Wednesday, February 14, 2024




We are back in Paris.  This year, we are living right in the heart of the bustling city, but our fifth-floor view 
is wide open and spectacular.  From our south-facing windows, we look out on to the Bourse de Commerce and its adjacent gardens and walkways. The gardens are home to house sparrows whose songs outside our windows add a touch of brightness to these cloudy Paris mornings.

From our balcony, we see the undulating, translucent glass canopy of the Les Halles  shopping center.  Looming up behind it is the multi-colored glass and metal structure of the modern art museum of the Centre Pompidou
We have to go outside to see the flying buttresses of the imposing Saint Eustache church, whose bell tower announces its presence with the melodious chiming of the hours. 

On 13th-century Paris maps. our street is visible just inside the now non-existent walls of Paris. The main market of Paris was located in the surrounding area, where Les Halles now stands. Built on marshland that had been drained and converted to fields, the market would occupy the same area for almost 800 years.  It began as a dry goods and grain market and over time, wholesale food halls were added. 

Different structures were built and demolished over the centuries, but the most famous of the buildings were the beautiful iron and glass pavilions erected in the 1850s.  The buildings, designed by Victor Baltard, were one of the must-see sights of Paris for more than 100 years. They were demolished in 1973, and the market was moved outside of Paris. 
For years the site was a huge hole in the ground as various ideas for the new construction were debated and rejected.  

When the new shopping center was finally built, it was in the opinion of many, an eyesore in the heart of Paris. 
The remodel, with its two and a half hectare canopy composed of 18,000 glass panes was completed in 2018.  Like the pyramid of the Louvre before it, it is loved by some, hated by others.
In 1582, near the emplacement of the market,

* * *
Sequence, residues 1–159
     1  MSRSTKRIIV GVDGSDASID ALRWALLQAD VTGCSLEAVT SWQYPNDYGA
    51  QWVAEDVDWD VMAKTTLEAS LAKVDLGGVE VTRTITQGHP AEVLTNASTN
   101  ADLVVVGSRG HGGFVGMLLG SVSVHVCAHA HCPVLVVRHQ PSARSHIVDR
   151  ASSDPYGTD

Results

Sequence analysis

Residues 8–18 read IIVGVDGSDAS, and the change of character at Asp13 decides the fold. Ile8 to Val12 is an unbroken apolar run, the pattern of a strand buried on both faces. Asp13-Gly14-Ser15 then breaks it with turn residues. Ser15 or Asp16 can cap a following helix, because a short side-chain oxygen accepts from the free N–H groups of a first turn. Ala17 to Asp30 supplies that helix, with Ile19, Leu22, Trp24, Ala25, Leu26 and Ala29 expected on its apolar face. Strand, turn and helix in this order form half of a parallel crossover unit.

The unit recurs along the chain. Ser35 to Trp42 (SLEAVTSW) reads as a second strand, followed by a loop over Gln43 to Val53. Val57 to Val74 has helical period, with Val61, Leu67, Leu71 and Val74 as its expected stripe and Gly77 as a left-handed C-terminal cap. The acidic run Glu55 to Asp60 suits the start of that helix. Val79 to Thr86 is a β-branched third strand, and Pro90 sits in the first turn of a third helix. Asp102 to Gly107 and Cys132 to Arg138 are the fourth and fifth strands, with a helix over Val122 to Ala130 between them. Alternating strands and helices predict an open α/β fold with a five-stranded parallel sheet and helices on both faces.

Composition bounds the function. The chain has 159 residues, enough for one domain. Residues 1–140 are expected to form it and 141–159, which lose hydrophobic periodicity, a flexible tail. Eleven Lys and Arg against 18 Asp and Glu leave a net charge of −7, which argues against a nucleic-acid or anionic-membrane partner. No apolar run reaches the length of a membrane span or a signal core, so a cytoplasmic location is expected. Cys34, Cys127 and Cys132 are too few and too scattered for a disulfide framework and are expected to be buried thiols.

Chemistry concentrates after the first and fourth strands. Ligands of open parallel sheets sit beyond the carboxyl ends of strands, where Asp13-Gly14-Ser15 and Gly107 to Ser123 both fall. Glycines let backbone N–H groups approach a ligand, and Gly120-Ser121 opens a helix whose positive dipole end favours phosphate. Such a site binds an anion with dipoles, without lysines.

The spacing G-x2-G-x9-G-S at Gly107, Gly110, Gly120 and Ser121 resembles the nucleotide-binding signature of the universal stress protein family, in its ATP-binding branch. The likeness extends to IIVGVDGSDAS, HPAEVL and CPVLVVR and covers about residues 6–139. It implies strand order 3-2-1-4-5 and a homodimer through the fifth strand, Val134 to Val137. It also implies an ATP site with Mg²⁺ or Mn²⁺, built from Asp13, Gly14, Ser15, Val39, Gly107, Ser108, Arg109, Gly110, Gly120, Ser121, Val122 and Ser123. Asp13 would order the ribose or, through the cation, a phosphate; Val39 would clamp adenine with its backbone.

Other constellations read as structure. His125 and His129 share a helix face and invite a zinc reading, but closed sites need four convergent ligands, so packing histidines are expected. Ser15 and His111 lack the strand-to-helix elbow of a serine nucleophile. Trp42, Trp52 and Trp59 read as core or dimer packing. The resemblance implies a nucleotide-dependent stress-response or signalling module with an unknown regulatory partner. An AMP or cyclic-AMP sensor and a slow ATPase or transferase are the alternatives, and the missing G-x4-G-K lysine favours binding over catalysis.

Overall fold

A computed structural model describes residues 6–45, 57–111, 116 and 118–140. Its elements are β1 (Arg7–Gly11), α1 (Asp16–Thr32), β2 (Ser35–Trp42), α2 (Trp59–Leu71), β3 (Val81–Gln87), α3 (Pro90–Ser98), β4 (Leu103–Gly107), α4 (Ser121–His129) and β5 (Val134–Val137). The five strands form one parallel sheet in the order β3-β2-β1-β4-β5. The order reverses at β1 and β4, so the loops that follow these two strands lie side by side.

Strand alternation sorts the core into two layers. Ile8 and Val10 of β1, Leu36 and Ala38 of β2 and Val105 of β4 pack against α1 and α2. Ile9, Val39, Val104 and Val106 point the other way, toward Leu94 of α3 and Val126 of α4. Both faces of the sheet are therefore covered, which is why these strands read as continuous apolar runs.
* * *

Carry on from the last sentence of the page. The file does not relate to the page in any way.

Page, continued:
Catherine de Medici, the queen consort of France, built
 L'hôtel de la Reine.  She adorned her sumptuous residence, known afterward as L'hôtel de Soissons, and its large formal gardens with paintings and sculptures from her extensive art collection.  Catherine enjoyed her palatial residence for just seven years. She died in 1589 and for almost two hundred years afterward, the estate passed to various counts, dukes, princesses and princes. The last owner, the Prince of Carignan, died in financial ruin in 1741. His creditors clamored for compensation and in 1749, the building was razed and its material sold to pay his debts.  

The only vestige of Catherine's fabulous home is a 31-meter stone column.  It is thought that she had it built for her Italian astrologer Cosimo Ruggieri, a supposed master of the occult, but its actual purpose has never been confirmed.  

As in the days of Catherine de Medici, the building is once again filled with art. Originally a grain market, then a stock exchange, it is now Paris's newest museum, The Pinault - Bourse de Commerce Collection.  Renovated at a cost of more than 200 million dollars by the French billionaire François Pinault, the museum hosts temporary exhibits showcasing Pinault's vast modern art collection. The Medici column remains and is now topped by Philippe Parreno's "Mont Analogue." The museum's describes the art piecee thusly:  "a lighthouse signalling the Bourse de Commerce from the top of the Medici column, Mont Analogue throbs with lights of different hues and sends its utopian message out in the Paris sky" - and right into our living room.

The museum also houses a restaurant, La Halle aux grains,  located in the rotunda of the dome. Its big windows give  us a birds eye view of the restaurant. In one window are the chefs in their toques, surrounded by the sous-chefs and their helpers, all of them hard at work.  Waitpeople rush into the brightly-lit kitchen and then glide smoothly into the elegant, softly-lit dining room.  Candles flicker, wine glasses are raised, delicious food is enjoyed while behind the scenes the chefs work non-stop late into the night. It's like a private viewing of the English television series, "Upstairs, Downstairs." 

Down below, there is drama as well. People pass through the park day and night in an ever-changing scene: rushing or lingering, talking, laughing, crying, embracing.  There are, however, some constants - the five or six dogs, who arrive every morning with their owners in tow. While the owners exchange polite greetings,  the dogs, without any pretext of French decorum run toward each other with a wild canine joie de vivre - 
happy to be in the park, happy to see their friends, just happy to be alive.  

We know exactly how they feel.  

A bientôt,

For more photos, click here